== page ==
Or, in your neck of the woods, if you please.

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Old Jan 12th, 2020, 12:35 PM
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Kinderdijk windmills

The next day, a Wednesday. we went to Kinderdijk, where there are a great many windmills, some still functional. This is another place I never managed to visit when I was living in Rotterdam. I'm sure my kids would have enjoyed it.

We took the metro to Wilhelminaplein, based on some less-than-accurate instructions. When we got out of the metro station, there was no "You are here" map, nor any sort of neighborhood information. It was a neighborhood of office buildings, and I didn't even see a shop where we could ask for information. Ww walked a bit and came to the enormous harbor, with an enormous bridge that crossed to the other side.


The Erasmus bridge in Rotterdam

I asked a few people in this vicinity, but the first few had no idea where the waterbus departure dock was. Google maps indicated that it was on the other side of the bridge, which was a very long bridge. Even when we got to the other side, it wasn't obvious where we were to go, even with the aid of Google maps. Eventually, we found the Waterbus and caught a direct boat to Kinderdijk. (The direct boats don't operate year round. Otherwise, you have to change at Ridderkerk.)

The boat trip through the harbor was very interesting, with all sorts of boats, ships, and barges. There was even a replica of Noah's Ark along the banks of the river, with a giraffe in the prow.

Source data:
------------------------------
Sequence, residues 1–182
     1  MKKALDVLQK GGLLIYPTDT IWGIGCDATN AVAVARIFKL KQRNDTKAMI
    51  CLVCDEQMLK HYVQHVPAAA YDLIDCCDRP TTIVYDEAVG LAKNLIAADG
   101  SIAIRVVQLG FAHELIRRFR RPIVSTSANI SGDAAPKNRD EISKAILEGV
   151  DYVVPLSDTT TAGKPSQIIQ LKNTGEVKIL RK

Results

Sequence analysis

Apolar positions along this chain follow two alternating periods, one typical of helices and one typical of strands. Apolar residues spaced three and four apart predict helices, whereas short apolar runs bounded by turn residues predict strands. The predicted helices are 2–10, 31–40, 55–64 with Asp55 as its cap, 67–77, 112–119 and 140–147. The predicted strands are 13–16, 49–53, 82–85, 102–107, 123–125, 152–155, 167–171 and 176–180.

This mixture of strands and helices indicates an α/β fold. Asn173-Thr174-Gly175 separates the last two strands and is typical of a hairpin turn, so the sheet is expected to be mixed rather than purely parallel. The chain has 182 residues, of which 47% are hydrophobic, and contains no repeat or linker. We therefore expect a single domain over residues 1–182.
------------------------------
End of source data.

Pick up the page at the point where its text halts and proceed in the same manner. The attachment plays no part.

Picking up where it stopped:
Part of the Rotterdam harbor


Kinderdijk is quite the tourist attraction, but there is lots of space there, so it doesn't seem crowded.We walked along the path that passed maybe half a dozen windmills. One has been turned into a museum, with exhibits of a household living in a mill, and information about the history of the windmills.


Kinderdijk



Before returning to Rotterdam, we had coffee and apple cake (something I remember fondly from the days when I lived in Rotterdam) at the coffee shop/snack bar at the ferry landing. The ferry goes on to Dordrecht after stopping at Kinderdijk. Dordrecht is a lovely town with an old harbor. I had seen it before, but wouldn't have minded seeing it again. Menachem had also mentioned a nature reserve we could visit near Dordrecht, and that sounded very interesting. However, I wanted to visit the neighborhood where I used to live, and I wasn't sure we'd have time the next day, our last in the Netherlands. So we headed back to Rotterdam.

Really, one could spend a week in Rotterdam and barely scratch the surface of things to see and do.

Last edited by bvlenci; Jan 12th, 2020 at 12:38 PM.